Tape: 5 Story: 1 - Robert Winfrey describes Reverend Dr. Virgil A. Woods

Tape: 5 Story: 2 - Robert Winfrey describes his two sons

Tape: 5 Story: 3 - Robert Winfrey remembers Rollins Griffith

Tape: 5 Story: 4 - Robert Winfrey describes the culture shock he experienced in Boston

Tape: 5 Story: 5 - Robert Winfrey explains why he stayed in Boston

Tape: 5 Story: 6 - Robert Winfrey recalls adjusting to life in Boston

Tape: 5 Story: 7 - Robert Winfrey talks about teaching and developing music programs in Boston

Tape: 5 Story: 8 - Robert Winfrey remembers the popularity of his song 'Let's Build A City'

Tape: 5 Story: 9 - Robert Winfrey remembers school desegregation in Boston, Massachusetts

Tape: 6 Story: 1 - Robert Winfrey recalls the proposal for Boston's Roland Hayes Division of Music

Tape: 6 Story: 2 - Robert Winfrey recalls designing the Roland Hayes Division of Music facility

Tape: 6 Story: 3 - Robert Winfrey recalls the naming of Roland Hayes Division of Music

Tape: 6 Story: 4 - Robert Winfrey describes famous students from Roland Hayes Division of Music

Tape: 6 Story: 5 - Robert Winfrey talks about actor and singer Carl Anderson

Tape: 6 Story: 6 - Robert Winfrey recalls becoming director of the Kuumba Singers of Harvard College

Tape: 6 Story: 7 - Robert Winfrey remembers directing the Kuumba Singers of Harvard College

Tape: 6 Story: 8 - Robert Winfrey talks about his retirement

Tape: 6 Story: 9 - Robert Winfrey describes the founder of Berklee College of Music, Lawrence Berk

Tape: 6 Story: 10 - Robert Winfrey describes how he wants his leadership remembered

Tape: 7 Story: 1 - Robert Winfrey describes his post retirement activities

Tape: 7 Story: 2 - Robert Winfrey remembers the Carl Anderson tribute in Lynchburg, Virginia

Tape: 7 Story: 3 - Robert Winfrey reflects upon his life

Tape: 7 Story: 4 - Robert Winfrey describes his hopes for the African American community

Tape: 7 Story: 5 - Robert Winfrey describes how he would like to be remembered

Tape: 7 Story: 6 - Robert Winfrey narrates his photographs

DASession

1$1

DATape

5$6

DAStory

6$5

DATitle
Robert Winfrey recalls adjusting to life in Boston
Robert Winfrey talks about actor and singer Carl Anderson
Transcript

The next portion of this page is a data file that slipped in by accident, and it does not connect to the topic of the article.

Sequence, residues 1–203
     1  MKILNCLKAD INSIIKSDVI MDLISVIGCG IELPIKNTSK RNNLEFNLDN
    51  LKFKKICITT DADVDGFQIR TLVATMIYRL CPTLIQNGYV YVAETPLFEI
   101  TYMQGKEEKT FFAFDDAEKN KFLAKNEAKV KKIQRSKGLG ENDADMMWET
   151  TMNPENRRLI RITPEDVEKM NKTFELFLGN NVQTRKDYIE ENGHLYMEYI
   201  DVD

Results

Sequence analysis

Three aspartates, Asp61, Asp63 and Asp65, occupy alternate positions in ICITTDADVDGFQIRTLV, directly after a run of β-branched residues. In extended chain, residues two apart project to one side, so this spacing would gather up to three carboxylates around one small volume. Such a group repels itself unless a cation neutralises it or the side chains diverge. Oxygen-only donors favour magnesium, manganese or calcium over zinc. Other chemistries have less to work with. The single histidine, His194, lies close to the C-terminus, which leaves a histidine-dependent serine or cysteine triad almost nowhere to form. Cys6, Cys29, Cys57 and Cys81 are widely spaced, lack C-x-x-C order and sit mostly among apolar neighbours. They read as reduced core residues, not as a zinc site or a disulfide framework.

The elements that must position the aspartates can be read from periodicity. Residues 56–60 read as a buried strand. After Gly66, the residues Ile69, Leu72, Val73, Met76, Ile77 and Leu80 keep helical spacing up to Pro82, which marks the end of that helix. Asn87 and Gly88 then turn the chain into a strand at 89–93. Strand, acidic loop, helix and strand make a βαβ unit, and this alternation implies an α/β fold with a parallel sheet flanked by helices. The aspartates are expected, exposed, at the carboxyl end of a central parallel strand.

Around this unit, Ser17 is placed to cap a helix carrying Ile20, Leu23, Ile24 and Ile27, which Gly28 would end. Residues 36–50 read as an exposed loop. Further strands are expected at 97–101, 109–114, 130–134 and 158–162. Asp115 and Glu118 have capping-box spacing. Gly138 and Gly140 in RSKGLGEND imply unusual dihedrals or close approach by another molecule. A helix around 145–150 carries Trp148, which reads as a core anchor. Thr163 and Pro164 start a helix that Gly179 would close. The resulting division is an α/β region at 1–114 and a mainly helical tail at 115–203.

And there were opportunities that began to open up for me to do things.$$For example?$$Well one of the things that I wanted to do is I've always wanted to be I was turned on with young people young minds and I did this in Lynchburg [Virginia] when I worked with some young people who went on to greatness like Carl Anderson and some of the others in fact they're now teaching in the colleges. I've always found that fascinating to motivate achievers, youngsters to achieve and to rise high. So that I, I found myself limited here until I got to know more people. I was introduced by some parents to a METCO [Metropolitan Council for Educational Opportunity, Boston, Massachusetts] program and they said those youngsters could benefit to what you bring so I was interested in developing some kind of music program, maybe a choir or something like that with that program and then other things began to open up, Model Cities. I became a creative arts director for Paul--the executive director by the name of Paul Parks or so the executive director of Model Cities or so and one of the divisions so I became a creative arts. That brought me closer to young minds there over and beyond school.$$This is outside the schools?$$Outside the schools. You see one of the discouragements in schools and this was the thing that really frightened me was when I was accustomed to after school you had after school programs you know rehearsals and other activities. School was just a way of life and in the South. I was accustomed to that and the first thing that my first day of school they told me among and all the new teachers, "Look when the bell sounds for your last class, pack your bags and get out of here." And I said what? I was not accustomed to that. I was accustomed to saying okay young people we'll get together we'll plan a program, we'll plan some activity, we'll do some rehearsing or so for an hour or two. I didn't find that here. And I found that very, very discouraging but this town, this city was going through a transition or so and I guess for safety sake and I still didn't understand that, nobody's gonna bother me or so I wanna stay here. But they told me I couldn't do it, that fifteen minutes I have to get out of the building and that was one of the discouraging aspects of my teaching school here. That changed also. So I began to make other changes began to take place and I felt more like I could contribute to the, to the cultural life of the community, the educational life, motivate youngsters and that bit. And that's why I, I stayed.$Who is Carl Anderson?$$Carl Anderson was perhaps one of my most gifted students, maybe one of the nation's most gifted students, actor, vocalist in 'Color Purple' ['The Color Purple'] you name it. Starred in 'Jesus Christ Superstar' so the movie and the stage production so. I used to get Carl Anderson, Carl Anderson was not with Roland Hayes [Roland Hayes Division of Music at Madison Park High School; Roland Hayes School of Music, Boston, Massachusetts], he was with my first position in Virginia at Dunbar [Paul Laurence Dunbar High School; Paul Laurence Dunbar Middle School for Innovation, Lynchburg, Virginia]. I used to work at the kinds of programs I disappointed in when I first came to Boston [Massachusetts]; I used to work with Carl after school. This when I could get to the individual attention or so after school and in addition to the classroom work after school. Carl went on to he was graduated from Dunbar High School and then he went to Washington, D.C. He went to Howard University [Washington, D.C.] and then he discontinued and he started singing at a church in Washington, D.C. and he formed a group and they were heard and then from there on he went to he auditioned for Broadway, big jump. And he made it. He was selected. Then he auditioned for the movie. He went to Israel and that's where they made the movie. And he went from there to sky's the limit. I'll be sitting in my living room and sometimes I'd be watching 'The Johnny Carson Show' ['The Tonight Show Starring Johnny Carson'] or some other culture program and there was Carl performing on that program, perhaps my most prolific student or so yeah.